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3. The ‘Advent Calendar’

Try offering a specific product each day for a special price. Make this advent calendar prominent on your e-commerce site and send a daily ‘open the door’ email.

4. Promotion Combinability

On any given day an e-commerce site can easily have a handful of promotions underway, such as free shipping, 20% off discounts, half price items, and discounts on specific categories. However, most e-commerce systems will only allow one effective promotion to be applied. This is a short cut for not wanting to analyse how different promotions combine, but it can be a deterrent to sales since most people want to get half price and free shipping. And if they have to make a choice, it might be to go elsewhere. So, give yourself a useful Christmas gift – the ability to combine multiple promotions at the same time.

5. Daily Shopping Period

This is one simple way to help the very busy shoppers. Start a daily shopping period at a set time, lunch time or evenings for example, where people will get the most popular items on your e-commerce site together with a special Christmas gift and/or promotion.

6. Collect Data

Think ahead. Help prepare for Christmas 2013 by collecting as much analytical data as possible now. You’ll be glad you did when planning next year’s promotional campaigns.

7. Think CSR

Consumers get savvier about where their purchases originated and how they were made, so consider Corporate Social Responsibility (CSR). Sometimes this is more powerful than another special offer.

8. Hold Events

If you are a bricks and mortar retailer, try inviting your customers to a Christmas event at your local store. Celebrate a Christmas party combined with an offer or promotion. Use your e-commerce site to drive attendance by offering special deals to be had at the event.

9. Santa is Coming to Your House!

Let shoppers place orders to be hand-delivered by Santa, gift wrapped to their home. This is a very special delivery method and it might only work in your local area so be mindful not to over promise.

UK online Mega Monday retail sales increase in 2012

IBM analysis of UK online retail traffic and sales during Mega Monday (Dec 3) found that sales and traffic from mobile devices continue to increase significantly year-on-year.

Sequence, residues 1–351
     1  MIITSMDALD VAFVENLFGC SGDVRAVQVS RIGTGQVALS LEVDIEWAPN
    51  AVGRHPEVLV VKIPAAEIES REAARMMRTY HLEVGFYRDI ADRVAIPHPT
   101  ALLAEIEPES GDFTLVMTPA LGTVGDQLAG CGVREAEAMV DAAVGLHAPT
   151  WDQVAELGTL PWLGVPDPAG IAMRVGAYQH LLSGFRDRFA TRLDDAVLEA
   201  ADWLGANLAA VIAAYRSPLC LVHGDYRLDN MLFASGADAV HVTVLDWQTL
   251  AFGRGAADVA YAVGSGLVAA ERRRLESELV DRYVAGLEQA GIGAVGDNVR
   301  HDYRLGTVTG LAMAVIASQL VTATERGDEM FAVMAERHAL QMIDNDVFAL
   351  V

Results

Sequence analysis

The influence of the iPad continues to rise dramatically, with the Apple tablet accounting for 10.6 percent of online shopping, an increase of 194.4 percent over 2011 on the same day. However, shoppers are spending less on a similar number of items, with online average order value down by £5.

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The analysis is based on findings from the IBM Digital Analytics Benchmark, the industry’s only cloud-based Web analytics platform that tracks e-commerce transactions, analysing raw data from 150 retailers in the UK.

The analysis found that the number of consumers using their mobile device to make purchase increase to 14.2 percent, up from 9.7 percent in 2011 on the same day.

Mobile traffic increased as the number of consumers using a mobile device to visit a retailer’s site reached 21.7 percent, up from 12.6 percent in 2011 on the same day.

The iPad generated more traffic than any other tablet or smart phone, accounting for 10.6 percent of online shopping, an increase of 194.4 percent over 2011 on the same day. This was followed by iPhone at 6.9 percent and Android 4 percent

The analysis also found that more people are choosing to shop online. There was a 10.4 percent increase in online sales from shoppers referred from social networks such as Facebook, Twitter, LinkedIn and YouTube, compared to the previous year.

Shoppers spent £100.16 on average per online transaction this year, compared to £105.10 last year, while the number of items per order remained similar at 3.52 compared to 3.96 per cart last year. Online sales increased by 15.8 percent compared to the same day in 2011.

The statistics show that Mega Monday is continuing to grow popularity and that consumers are becoming tech-savvy as they choose to shop more online than opting to walk the high streets.


Nearly one in five Christmas presents to be bought on Cyber Monday

Nearly one fifth (18 per cent) of all Christmas shopping is expected to take place on Cyber Monday with 65 per cent of people planning on taking part, research revealed today.

Just under 40 per cent of all Christmas shopping will be done online and consumers will spend an average of £102 each on Cyber Monday, found research commissioned by Trusted Shops, Europe’s leader in online accreditation.

The survey of 2,000 consumers, conducted by OnePoll, also revealed that more than a quarter (28 per cent) of shoppers plan on spending in excess of £100, but despite the huge sales many shoppers reported they were unwilling to shop with online retailers that were not familiar or trustworthy.

“Many shoppers are struggling financially this year, but we can see expectations are still at an all time high for Cyber Monday,” said Jean-Marc Noel, co-founder and managing director of Trusted Shops. “It’s vital that retailers ensure their websites and teams are ready for what could be a record breaking day.”

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Despite IMRG (Interactive Media in Retail Group) estimating that £4.6bn will be spent by online consumers during peak Christmas shopping weeks (Dec 3 & Dec 10) Trusted Shops’ research found that more than 26 per cent of people reported they would be spending less this Christmas compared to last year.